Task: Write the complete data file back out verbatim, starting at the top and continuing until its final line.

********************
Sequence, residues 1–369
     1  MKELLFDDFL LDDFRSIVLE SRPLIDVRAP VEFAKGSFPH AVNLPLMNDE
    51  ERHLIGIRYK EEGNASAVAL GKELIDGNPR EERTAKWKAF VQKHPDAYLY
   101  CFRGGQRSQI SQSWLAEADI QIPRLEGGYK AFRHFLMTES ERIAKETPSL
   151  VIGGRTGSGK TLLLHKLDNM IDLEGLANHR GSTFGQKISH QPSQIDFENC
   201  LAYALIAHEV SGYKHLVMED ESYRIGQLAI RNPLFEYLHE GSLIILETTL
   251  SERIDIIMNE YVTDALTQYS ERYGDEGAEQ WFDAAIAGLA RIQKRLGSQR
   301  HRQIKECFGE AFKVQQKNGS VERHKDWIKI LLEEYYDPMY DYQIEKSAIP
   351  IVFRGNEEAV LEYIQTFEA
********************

Sequence, residues 1–369
     1  MKELLFDDFL LDDFRSIVLE SRPLIDVRAP VEFAKGSFPH AVNLPLMNDE
    51  ERHLIGIRYK EEGNASAVAL GKELIDGNPR EERTAKWKAF VQKHPDAYLY
   101  CFRGGQRSQI SQSWLAEADI QIPRLEGGYK AFRHFLMTES ERIAKETPSL
   151  VIGGRTGSGK TLLLHKLDNM IDLEGLANHR GSTFGQKISH QPSQIDFENC
   201  LAYALIAHEV SGYKHLVMED ESYRIGQLAI RNPLFEYLHE GSLIILETTL
   251  SERIDIIMNE YVTDALTQYS ERYGDEGAEQ WFDAAIAGLA RIQKRLGSQR
   301  HRQIKECFGE AFKVQQKNGS VERHKDWIKI LLEEYYDPMY DYQIEKSAIP
   351  IVFRGNEEAV LEYIQTFEA